Featured in

  • Published 20160202
  • ISBN: 978-1-925240-80-1
  • Extent: 264pp
  • Paperback (234 x 153mm), eBook

WE GET TO vote just once every few years, but every single day we consume, we buy, we acquire. Stuff. And more stuff. Each item had to be made or manufactured and transported to us, all at vast cumulative cost to the world’s resources. Most of us accumulate far more than we can use, and regularly yearn for a home devoid of clutter.

It starts early. Watch pre-verbal toddlers at play and I can guarantee you at least half their conflicts will be over who’s got possession of some object. This is me is followed very swiftly by this is mine, and as we grow the two concepts become ever more closely intertwined. Remember those first independent forays into acquisition? On a quest to figure out who we are by what we want. What clothes do I want to buy, when no parent is choosing? What do I like to have on the walls of my own room? It feels so crucial. What movies do I want to go to? What books do I want to read? What do I want to own? The delight in finding something just right, that makes you feel most like yourself. These shoes, that jewellery, this car. Then comes the apartment or the house – and in it the furniture, the kitchenware, the towels and tiles, the photos in frames and flowers in vases and so on and on and on.

Already a subscriber? Sign in here

If you are an educator or student wishing to access content for study purposes please contact us at griffithreview@griffith.edu.au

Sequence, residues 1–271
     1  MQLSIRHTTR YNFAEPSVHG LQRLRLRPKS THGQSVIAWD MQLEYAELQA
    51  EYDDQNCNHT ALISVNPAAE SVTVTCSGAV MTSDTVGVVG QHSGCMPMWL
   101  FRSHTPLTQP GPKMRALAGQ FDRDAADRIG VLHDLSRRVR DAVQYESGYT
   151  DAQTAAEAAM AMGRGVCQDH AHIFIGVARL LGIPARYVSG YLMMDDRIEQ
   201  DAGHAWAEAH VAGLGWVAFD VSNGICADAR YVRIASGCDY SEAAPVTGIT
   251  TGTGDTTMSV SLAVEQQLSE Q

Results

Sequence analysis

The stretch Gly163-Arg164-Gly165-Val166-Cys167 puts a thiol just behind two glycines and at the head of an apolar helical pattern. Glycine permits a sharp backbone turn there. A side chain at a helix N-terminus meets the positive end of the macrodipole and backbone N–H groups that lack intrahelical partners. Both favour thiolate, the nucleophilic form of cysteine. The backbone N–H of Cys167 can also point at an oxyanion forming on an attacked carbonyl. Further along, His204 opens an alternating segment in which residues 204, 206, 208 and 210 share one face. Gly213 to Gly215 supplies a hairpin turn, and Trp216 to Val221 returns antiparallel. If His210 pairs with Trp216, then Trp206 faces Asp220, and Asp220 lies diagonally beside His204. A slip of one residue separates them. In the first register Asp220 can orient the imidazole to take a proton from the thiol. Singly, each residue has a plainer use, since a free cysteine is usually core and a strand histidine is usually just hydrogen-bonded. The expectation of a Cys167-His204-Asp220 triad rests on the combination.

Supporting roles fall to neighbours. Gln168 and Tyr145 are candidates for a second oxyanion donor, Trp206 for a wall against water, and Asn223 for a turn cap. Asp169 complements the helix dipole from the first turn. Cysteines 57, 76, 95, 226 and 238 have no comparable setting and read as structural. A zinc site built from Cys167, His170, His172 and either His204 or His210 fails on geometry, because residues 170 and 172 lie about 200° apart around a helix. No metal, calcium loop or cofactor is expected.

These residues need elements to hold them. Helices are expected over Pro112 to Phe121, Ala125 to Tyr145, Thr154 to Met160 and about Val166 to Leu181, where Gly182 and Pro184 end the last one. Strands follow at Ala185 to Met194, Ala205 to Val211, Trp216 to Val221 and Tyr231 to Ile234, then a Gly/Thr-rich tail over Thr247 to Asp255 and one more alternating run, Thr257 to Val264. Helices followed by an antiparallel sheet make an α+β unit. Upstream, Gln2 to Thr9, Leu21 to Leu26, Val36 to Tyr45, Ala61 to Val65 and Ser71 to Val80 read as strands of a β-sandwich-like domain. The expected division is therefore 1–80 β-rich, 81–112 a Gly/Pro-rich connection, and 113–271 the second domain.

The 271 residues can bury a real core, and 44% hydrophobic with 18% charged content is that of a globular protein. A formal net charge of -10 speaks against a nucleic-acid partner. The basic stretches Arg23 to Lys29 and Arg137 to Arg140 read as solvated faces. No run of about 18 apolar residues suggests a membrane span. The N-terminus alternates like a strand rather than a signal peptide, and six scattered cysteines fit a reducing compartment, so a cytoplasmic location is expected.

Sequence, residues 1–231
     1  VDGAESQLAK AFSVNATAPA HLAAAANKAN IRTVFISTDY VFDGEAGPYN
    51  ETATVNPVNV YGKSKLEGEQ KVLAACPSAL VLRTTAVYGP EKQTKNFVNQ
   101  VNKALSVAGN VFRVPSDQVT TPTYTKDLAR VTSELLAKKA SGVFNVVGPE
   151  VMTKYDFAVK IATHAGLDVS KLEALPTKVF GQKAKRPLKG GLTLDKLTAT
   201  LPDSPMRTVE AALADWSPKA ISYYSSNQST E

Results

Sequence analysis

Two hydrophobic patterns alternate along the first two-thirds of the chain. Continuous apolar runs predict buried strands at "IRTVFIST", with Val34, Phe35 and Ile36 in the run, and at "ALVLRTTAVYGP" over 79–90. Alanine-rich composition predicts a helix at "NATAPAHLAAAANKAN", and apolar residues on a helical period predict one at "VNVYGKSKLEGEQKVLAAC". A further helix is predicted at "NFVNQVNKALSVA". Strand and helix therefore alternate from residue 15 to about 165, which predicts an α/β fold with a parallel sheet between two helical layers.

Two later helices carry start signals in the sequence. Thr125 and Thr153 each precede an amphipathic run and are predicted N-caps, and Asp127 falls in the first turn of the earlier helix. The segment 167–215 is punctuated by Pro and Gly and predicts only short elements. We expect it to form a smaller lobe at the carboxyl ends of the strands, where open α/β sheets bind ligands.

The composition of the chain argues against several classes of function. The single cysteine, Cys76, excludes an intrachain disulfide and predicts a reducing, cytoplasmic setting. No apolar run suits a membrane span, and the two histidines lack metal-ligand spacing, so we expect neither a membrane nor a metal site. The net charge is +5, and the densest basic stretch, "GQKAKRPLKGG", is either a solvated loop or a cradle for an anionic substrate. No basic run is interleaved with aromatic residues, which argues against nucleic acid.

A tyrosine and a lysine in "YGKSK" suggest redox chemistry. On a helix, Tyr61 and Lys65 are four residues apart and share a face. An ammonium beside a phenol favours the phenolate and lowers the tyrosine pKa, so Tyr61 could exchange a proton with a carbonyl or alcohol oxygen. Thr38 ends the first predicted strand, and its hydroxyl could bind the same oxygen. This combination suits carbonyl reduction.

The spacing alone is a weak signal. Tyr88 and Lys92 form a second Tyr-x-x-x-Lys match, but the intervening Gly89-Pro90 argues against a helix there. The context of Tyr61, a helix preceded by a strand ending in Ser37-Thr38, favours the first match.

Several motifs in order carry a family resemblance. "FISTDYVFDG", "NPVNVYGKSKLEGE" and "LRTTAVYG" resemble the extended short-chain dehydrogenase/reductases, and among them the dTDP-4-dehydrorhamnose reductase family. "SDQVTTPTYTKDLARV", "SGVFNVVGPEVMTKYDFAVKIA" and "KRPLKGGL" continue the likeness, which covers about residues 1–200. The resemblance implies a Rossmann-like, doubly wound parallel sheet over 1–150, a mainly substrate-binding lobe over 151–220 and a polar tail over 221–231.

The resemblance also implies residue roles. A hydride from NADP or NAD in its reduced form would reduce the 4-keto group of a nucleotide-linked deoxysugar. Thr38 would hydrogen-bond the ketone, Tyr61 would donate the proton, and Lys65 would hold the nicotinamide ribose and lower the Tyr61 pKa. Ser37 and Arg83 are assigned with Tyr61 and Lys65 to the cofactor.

Share article

More from author

Inheritance

FictionFIVE OR SIX days after the funeral, or perhaps a week, Rory finally ventures out. Her father’s dog, Harpo, has been so patient, but...

More from this edition

Teaching Australia

MemoirI AM THIRTY-EIGHT and tired. I’m only a third of the way through my class roll, a list that hurts my heart if I study it for too long. But I know what to do with these students. I’m an excellent teacher. I know how to bring them together. I am able to create a feeling of family and safety and security. In my classroom they know they can take risks and try new things and experience failure while being supported by me and by each other.

Ruling, not governing

EssayRULING IS A consequence of professional politicking. Yet it has also created unmatched instability in modern Australian politics. Professionalisation of political operations has come...

The collapse of values

EssayTHE ARRIVAL OF the MV Tampa in Australian waters in 2001 was misrepresented to the public as a threat to national sovereignty. The people...

Stay up to date with the latest, news, articles and special offers from Griffith Review.